So, Austen’s England where people travelled by coaches, was replaced by the upwardly mobile diaspora who flew in airplanes to visit the ‘motherland’, home is where the heart is and a prospective bride as in this case. So as Hertfordshire becomes Amritsar, we are introduced to the loud, flashy Mrs. Bakshi played by Nadira Babbar with three daughters, Jaya played by Namrata Shirodkar, Lalita is the blonde manned Aishwarya Rai, Lakhi played by Peeya Roy Chowdhary and Maya, the younger sister played by Meghana Kothari.
A handsome ‘rich’ hotel magnet Will Darcy played by Martin Henderson flies to Amritsar with his British born Indian friend Balraj played by Naveen Andrews and his headstrong sister played by Indira Verma. Balraj who seeks a ‘rooted’ (in this case submissive) grounded and of course beautiful girl to marry, is smitten by Jaya, but it’s Darcy and the headstrong Lalita Bakshi who get engaged in a battle of ‘wills’ to say the least. So as corsets are replaced by sarees, and the waltz by some balle balle and a nagin dance to boot, the violins give away to loud dhols, Balraj and Jaya’s romance relegated to the background is taken over by Lalita and Will whose love to hate turns into hate to love across Amritsar, Goa and Los Angeles, much to the mother’s horror that her ever so sensible daughter Lalita getting involved with a gora, as foreigners are addressed, no racist connotations here. Hell breaks loose as the willful Lucky elopes with Will’s nemesis George Wickham.
So in 2004 India, by when women were literally reaching for the sky and scaling new heights, I shall not give you a roll call on the women achievers but from politics to beauty, from heading the country, judiciary, police force, education to sports and arts and cinema, the ladies were calling the shots. But, in Gurinder Chadha’s Austen meets Bollywood came with a cross cultural twist, but still caught in a medieval time lapse, as the ladies awaited their knight in shining armour not in handsome coach but a shiny Bentley, who continued to be Mr Money Bags, looking out for a wife who was more than happy to being the Mrs and in charge of home and hearth as the man ran the show outside.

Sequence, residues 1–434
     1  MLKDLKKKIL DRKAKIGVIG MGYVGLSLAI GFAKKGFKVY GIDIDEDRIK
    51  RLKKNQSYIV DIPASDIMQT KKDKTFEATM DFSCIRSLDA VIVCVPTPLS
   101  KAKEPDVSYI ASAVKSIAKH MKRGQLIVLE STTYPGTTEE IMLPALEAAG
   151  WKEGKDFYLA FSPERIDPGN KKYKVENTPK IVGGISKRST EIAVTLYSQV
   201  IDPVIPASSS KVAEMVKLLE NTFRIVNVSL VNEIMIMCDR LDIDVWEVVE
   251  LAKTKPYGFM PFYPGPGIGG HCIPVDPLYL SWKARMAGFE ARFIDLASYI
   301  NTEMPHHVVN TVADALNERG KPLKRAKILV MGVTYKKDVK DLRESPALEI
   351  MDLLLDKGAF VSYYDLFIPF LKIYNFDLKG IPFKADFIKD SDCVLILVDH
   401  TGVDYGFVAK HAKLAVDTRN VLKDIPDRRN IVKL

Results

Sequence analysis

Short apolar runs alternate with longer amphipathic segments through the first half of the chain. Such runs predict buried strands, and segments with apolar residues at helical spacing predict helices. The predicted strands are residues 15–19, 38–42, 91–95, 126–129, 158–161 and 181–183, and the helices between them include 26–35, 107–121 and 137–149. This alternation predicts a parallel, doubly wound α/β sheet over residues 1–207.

Ironically, the lead played by Aishwarya Rai, one of the most enterprising women off screen who had taken the World in 1994 by her confidence and beauty, may have been playing the strong willed Lizzy Bennet, but there was nothing to showcase her as a modern independent 21st century women. Her so called ‘independent’ streak was shown as her being a book worm, driving a tractor and being a son like daughter to her father, who somewhere saw her as the heir apparent who would run his estate. Unlike his other daughters Lalita seemed the least marriage material. She would obviously need to take care of herself, since the other three knew their way around.
So, as Lalita clashes with Will, its no battle of sexes here, rather egos, as she seeks acceptance for her sisters and their ways and her mother’s vulgar obsession with wealth. Yes, her marrying a foreigner may have been seen as the ‘rebellion and departure’ but for someone who was to be judged to remain unmarried, marriage was her ultimate salvation, as she and Darcy tie the knot amongst much fan fare.
Years later, Helen Fielding in her Bridget Jones series, so fed up with the obsession for Darcy and marriage, a lot to do with the realisation that men like him were found only in books, Fielding killed him in the last of her books as she said, let the guys chase for once why should the lady be the one in waiting!
So as Bride and Prejudice or ‘Balle Balle from Amritsar and LA’ was a parody of what happens when Bollywood meet Broadway, an ode to the big fat Indian wedding, after all nothing sells than band baajaa and baraat. But, just a thought on what would Mr Darcy and Liz Bennett do in this day and age of ‘insta gratification’ and Tinder- would Darcy and Lizzy swipe right or left, without prejudice?!